Children are by nature egocentric – in other words, their world revolves around them. They are particularly tuned into what they want and what they believe they need, and for the first years of their lives parents tend to most of their desires.
Grandparents and parents alike fawn, to various degrees, over the baby and then the toddler. He actually is the center of attention, so it is easy to see how children can begin to believe that their world revolves around them. And suddenly, we have a 4 or 5 year old who has difficulty understanding how others feel or realizing that other people are important, too. Not surprising, is it?
But we all hope to raise children who are empathetic and caring individuals. So how does a child learn to think about another person’s feelings and care about other people’s needs and situations? The parents of my preschool and kindergarten students often asked me that question, so I’ll fill you in on my answers to them.
Be a role model
Children learn so very much by watching the important adults in their lives. When they see their parents treating others kindly and with consideration, they learn that this is how people behave.
Children also learn how to show empathy and caring by watching you. If they watch you listen to a friend who seems distressed and watch you put an arm around the friend’s shoulder, they are learning how to console a friend who is upset. When a child sees an adult express concern by asking questions such as: “How are you feeling?” or “What can I do to help?” they learn specific ways to show that they care. Discuss your behavior with your child. Explain when and why you are offering help or expressing concern. A simple explanation will do the trick, so details about personal situations is not necessary. But a deliberate conversation highlighting the importance of caring about a friend and showing that you care helps children understand what caring is all about.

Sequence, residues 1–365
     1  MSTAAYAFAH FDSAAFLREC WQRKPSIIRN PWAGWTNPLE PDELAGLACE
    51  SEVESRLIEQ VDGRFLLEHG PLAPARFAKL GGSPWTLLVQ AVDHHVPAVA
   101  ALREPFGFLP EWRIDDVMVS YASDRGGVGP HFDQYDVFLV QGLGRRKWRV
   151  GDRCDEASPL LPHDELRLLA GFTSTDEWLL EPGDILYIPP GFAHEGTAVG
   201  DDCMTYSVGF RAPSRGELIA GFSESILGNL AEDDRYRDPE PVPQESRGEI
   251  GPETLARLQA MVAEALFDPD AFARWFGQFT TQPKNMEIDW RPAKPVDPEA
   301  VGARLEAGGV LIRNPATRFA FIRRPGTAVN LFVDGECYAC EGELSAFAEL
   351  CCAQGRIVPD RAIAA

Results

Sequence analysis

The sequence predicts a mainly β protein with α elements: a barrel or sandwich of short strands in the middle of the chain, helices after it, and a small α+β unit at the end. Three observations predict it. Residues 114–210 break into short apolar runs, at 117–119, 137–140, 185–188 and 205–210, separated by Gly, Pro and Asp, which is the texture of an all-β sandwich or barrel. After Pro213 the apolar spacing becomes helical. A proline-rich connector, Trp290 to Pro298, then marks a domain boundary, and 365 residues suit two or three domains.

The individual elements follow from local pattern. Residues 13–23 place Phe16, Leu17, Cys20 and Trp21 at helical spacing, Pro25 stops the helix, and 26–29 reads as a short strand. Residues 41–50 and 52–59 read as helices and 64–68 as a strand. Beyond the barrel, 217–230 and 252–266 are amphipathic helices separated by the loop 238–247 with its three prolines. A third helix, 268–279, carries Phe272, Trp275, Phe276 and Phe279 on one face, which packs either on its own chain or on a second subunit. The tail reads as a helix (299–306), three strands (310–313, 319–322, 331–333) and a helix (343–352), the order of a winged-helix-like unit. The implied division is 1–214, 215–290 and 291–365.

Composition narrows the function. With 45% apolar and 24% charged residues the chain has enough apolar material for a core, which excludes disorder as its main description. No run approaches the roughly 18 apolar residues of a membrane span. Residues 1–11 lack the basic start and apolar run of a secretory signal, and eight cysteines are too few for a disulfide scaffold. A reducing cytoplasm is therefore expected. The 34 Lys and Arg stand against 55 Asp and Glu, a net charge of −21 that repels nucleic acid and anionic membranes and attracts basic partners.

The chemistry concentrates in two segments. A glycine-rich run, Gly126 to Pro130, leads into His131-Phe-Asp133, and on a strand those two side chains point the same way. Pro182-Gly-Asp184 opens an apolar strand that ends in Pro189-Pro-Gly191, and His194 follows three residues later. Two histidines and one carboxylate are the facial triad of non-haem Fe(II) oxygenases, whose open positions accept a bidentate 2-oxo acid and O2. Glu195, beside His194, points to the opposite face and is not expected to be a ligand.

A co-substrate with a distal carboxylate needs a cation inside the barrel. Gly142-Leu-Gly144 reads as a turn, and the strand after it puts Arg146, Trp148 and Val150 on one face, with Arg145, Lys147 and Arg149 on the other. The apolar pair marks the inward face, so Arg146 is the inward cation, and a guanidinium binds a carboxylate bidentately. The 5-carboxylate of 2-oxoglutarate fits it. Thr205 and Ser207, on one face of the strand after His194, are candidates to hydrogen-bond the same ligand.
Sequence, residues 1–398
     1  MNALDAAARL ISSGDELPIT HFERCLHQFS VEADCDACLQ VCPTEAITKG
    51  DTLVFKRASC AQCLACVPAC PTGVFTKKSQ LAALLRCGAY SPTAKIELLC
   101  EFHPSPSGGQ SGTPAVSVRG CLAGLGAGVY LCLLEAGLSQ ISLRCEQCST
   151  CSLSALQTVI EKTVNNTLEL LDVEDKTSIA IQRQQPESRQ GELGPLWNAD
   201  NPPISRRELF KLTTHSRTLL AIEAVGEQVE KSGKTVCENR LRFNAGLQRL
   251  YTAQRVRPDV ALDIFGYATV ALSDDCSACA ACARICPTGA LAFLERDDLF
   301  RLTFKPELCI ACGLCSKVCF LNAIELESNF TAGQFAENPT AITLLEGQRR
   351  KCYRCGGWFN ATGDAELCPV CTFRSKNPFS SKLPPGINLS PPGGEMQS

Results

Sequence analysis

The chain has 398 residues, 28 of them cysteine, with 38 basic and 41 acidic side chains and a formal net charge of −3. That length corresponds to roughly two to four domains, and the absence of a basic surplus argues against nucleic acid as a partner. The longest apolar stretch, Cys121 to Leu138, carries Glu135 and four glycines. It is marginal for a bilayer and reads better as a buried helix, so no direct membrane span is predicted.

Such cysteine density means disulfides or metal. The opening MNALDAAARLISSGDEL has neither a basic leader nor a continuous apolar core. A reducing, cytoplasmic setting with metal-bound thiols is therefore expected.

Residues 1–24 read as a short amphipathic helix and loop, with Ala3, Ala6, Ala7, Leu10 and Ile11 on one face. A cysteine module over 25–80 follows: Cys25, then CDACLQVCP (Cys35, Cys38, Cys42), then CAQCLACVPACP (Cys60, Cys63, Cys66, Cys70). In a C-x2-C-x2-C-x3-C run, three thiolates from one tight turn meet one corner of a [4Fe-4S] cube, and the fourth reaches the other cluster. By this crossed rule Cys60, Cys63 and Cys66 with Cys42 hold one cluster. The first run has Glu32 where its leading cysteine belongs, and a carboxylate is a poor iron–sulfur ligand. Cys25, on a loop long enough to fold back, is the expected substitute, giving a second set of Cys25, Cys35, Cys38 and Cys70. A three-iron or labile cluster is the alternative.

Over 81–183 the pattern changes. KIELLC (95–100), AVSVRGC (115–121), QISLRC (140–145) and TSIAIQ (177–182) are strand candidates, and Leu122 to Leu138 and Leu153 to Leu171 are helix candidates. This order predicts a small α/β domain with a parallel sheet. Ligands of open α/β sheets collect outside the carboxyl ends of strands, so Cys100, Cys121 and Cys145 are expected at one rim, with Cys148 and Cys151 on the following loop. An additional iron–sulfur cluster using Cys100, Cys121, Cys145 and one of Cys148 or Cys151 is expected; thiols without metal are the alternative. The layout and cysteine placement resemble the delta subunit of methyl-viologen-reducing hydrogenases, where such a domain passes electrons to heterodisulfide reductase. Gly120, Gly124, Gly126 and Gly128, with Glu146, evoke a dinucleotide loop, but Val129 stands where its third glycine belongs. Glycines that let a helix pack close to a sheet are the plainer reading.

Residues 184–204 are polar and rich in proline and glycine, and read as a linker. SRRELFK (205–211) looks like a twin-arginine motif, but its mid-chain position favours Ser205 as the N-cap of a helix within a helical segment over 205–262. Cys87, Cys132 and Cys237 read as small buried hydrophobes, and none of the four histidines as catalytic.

In addition, when children observe their parents being empathetic, they get the message that this personality trait is valued and important. So when a parent asks his child to show someone that he cares, the child knows that this is behavior his parents adhere themselves.
Step in to guide your child
Be specific when directing your child to be empathetic. Let him know when someone (a friend or relative) is feeling sad and discuss what he can do to help this person feel better. Brainstorm some ideas that may prove helpful. The conversation alone promotes empathy and caring in a child. Also, let your child know that sometimes simply expressing concern goes a long way to helping someone feel less upset.
Talk about feelings
Talking about feelings helps children understand feelings and also lets them know that it is okay to have a variety of feelings and to talk about them. Children often lump feelings into two categories – good (happy) or bad (sad). This is not helpful, for several reasons.
First, feelings are not good or bad. It may be more accurate to describe feelings as appropriate or inappropriate. Feeling sad when you are upset is appropriate, not bad. Feeling happy when someone else is hurt is inappropriate. Secondly, there are many more feelings that just “happy” or “sad.”
Use a variety of words to describe your feelings. Are you concerned, distressed, delighted, surprised, disappointed, fearful, lonely, or nervous? Use a variety of feelings words to help your child understand how he is feeling, also.
Looking at Kindergarten worksheets that focus on feelings and emotions can be a wonderful introduction to talking about feelings and helping your child understand their importance. When he can more accurately describe his feelings, he will also be able to more completely understand how another person is feeling.
Have high expectations
I believe that children rise to the occasion, so to speak. When we have high, yet attainable, expectations, children strive to fulfill them. If you observe your child being unkind or uncaring, let him know immediately that this response is not acceptable. He’ll soon understand your expectations. And when you observe your child acting with empathy, let him know that his actions are appreciated. When your child realizes that you believe he is a caring friend, he will see himself in that way also.
Renee shares tips for working with young children at www.schoolsparks.com where she offers a free kindergarten readiness test parents can take to assess their child’s readiness to start school plus hundreds upon hundreds of free kindergarten worksheets for parents to use at home with their children.